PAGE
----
Elsewhere in emerging Europe

A selection of articles about emerging Europe published elsewhere this week, all of which are well worth your time.

Albania has been posting sensitive information about its most senior intelligence operatives on the internet, making details about their identities, vehicles, operational roles, travel movements, and daily habits publicly available in what appears to be a major and potentially dangerous breach that could have international consequences. Full story here.

A Polish care worker in the UK writes in The Guardian about how proposed new rules on the rights of EU citizens to move to Britain post-Brexit (they will need to secure a job paying more than 30,000 UK pounds per year before being allowed entry) could decimate the care sector. Full article here.

The three South Caucasian countries have found a way to manage their relationship with Russia. If their leaders do nothing stupid to alienate their own populations, they stand a good chance of navigating 2019 without a confrontation with Moscow, writes Thomas de Waal on Carnegie Europe. Full article here.

Macedonia and Bulgaria’s long-simmering dispute over the Macedonian language is threatening to boil over again, just as Skopje nears a resolution to its dispute with Greece over the name Macedonia. Full story here.

Latvia is aware of the EU’s beneficial role to both its economy and security and will likely remain a reliable and stable partner within the Union, writes Karlis Bukovskis for the European Council on Foreign Relations. Full piece here.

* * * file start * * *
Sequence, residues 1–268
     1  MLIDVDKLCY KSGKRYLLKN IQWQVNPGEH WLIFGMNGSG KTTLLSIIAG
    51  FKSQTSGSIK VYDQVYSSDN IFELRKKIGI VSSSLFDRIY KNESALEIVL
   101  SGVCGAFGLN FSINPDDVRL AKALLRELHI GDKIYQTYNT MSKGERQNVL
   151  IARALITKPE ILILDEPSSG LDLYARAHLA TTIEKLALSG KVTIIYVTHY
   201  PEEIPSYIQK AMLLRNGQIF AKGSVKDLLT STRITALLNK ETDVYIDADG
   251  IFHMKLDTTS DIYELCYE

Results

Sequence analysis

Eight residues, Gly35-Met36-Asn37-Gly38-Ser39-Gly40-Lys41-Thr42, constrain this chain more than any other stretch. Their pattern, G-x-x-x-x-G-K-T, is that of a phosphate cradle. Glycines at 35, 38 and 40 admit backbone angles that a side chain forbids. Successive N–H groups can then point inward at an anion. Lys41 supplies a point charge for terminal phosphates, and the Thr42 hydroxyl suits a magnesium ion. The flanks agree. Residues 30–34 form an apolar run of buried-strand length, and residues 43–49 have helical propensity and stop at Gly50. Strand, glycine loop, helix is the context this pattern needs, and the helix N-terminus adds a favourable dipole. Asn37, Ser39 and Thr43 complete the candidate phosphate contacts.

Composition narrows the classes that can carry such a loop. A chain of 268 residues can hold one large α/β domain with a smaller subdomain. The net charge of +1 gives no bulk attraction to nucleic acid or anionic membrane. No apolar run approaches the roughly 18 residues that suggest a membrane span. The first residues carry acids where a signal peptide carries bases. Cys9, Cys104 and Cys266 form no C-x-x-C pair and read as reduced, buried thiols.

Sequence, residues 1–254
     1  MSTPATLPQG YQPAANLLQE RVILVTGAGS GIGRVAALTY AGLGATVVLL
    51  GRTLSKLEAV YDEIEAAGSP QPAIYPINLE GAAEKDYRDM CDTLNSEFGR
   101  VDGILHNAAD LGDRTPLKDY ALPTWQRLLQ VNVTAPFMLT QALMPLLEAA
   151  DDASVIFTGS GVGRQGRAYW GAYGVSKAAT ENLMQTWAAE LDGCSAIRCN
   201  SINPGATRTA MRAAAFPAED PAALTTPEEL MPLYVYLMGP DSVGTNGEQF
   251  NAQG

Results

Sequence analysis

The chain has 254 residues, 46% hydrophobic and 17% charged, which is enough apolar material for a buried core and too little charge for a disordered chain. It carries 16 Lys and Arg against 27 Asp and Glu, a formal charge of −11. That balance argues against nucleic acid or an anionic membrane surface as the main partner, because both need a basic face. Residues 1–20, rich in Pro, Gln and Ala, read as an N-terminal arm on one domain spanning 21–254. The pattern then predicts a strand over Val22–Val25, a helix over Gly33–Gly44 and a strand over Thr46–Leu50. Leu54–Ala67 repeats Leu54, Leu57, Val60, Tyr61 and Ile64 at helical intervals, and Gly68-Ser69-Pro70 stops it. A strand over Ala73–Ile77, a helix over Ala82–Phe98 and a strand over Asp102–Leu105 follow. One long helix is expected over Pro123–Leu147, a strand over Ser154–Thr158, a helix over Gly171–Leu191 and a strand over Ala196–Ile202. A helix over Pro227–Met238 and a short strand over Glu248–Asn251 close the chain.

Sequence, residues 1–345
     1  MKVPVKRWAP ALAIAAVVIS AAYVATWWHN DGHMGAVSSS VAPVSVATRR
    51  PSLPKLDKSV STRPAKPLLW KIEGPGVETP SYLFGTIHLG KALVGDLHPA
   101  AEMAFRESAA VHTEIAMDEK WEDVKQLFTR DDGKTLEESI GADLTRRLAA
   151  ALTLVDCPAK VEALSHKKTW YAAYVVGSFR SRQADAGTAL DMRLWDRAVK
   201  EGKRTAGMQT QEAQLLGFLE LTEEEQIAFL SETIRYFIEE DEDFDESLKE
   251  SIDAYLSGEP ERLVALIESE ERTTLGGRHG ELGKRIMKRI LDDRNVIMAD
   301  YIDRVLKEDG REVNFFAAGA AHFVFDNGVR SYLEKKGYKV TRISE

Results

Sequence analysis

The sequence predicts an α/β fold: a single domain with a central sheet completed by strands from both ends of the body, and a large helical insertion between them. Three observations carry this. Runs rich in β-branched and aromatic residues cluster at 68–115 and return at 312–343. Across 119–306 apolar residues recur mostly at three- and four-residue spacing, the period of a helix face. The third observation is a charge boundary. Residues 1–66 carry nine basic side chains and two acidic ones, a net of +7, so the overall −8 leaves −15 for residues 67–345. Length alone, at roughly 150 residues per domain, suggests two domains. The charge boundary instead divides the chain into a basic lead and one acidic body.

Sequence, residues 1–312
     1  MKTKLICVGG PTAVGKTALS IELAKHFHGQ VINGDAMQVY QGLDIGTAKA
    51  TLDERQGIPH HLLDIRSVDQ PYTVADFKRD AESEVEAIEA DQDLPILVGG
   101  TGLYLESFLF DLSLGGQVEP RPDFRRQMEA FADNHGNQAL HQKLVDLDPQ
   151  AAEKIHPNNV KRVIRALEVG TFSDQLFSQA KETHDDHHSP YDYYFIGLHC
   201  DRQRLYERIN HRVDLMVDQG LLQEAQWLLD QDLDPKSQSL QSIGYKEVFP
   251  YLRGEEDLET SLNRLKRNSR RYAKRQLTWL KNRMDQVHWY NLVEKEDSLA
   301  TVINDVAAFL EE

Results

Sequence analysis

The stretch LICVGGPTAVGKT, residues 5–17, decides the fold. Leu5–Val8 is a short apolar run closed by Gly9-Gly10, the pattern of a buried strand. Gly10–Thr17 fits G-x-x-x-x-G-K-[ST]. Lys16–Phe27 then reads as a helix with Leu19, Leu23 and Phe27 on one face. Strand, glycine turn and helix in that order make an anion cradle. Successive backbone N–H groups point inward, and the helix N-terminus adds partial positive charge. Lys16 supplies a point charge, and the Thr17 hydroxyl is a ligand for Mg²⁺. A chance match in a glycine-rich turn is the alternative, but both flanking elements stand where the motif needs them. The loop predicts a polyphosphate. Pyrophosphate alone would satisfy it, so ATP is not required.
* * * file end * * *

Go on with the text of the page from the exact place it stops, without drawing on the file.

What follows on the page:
At the current rate, it will take emerging Europe and Central Asia 153 years to close the gender gap, argues Frank Elbers. Full piece here.

Human rights groups have criticised Poland for deciding to deport an asylum seeker who, as a critic of the Chechen authorities, says his life in danger back home. Poland granted asylum to his wife and children but says he is a ‘possible security threat’. Full story here.

It was the bloodiest of Europe’s anticommunist uprisings. Nearly three decades later, Radio Free Europe revisits some of the exact sites from Romania’s 1989 revolution. Full story here.

Viktor Kiss, a sculptor and Burning Man enthusiast, has created an unusual artistic community and a festival in an abandoned brick factory in the Serbian capital Belgrade. Full story here.

Frostpunk, a game from the Polish team at 11 bit studios, is unrelenting and grim. The city-builder is set in an alternate history of 19th century Europe, where the world has been gripped by a kind of nuclear winter. What better way to celebrate the holidays than with some Christmas content? Full story here.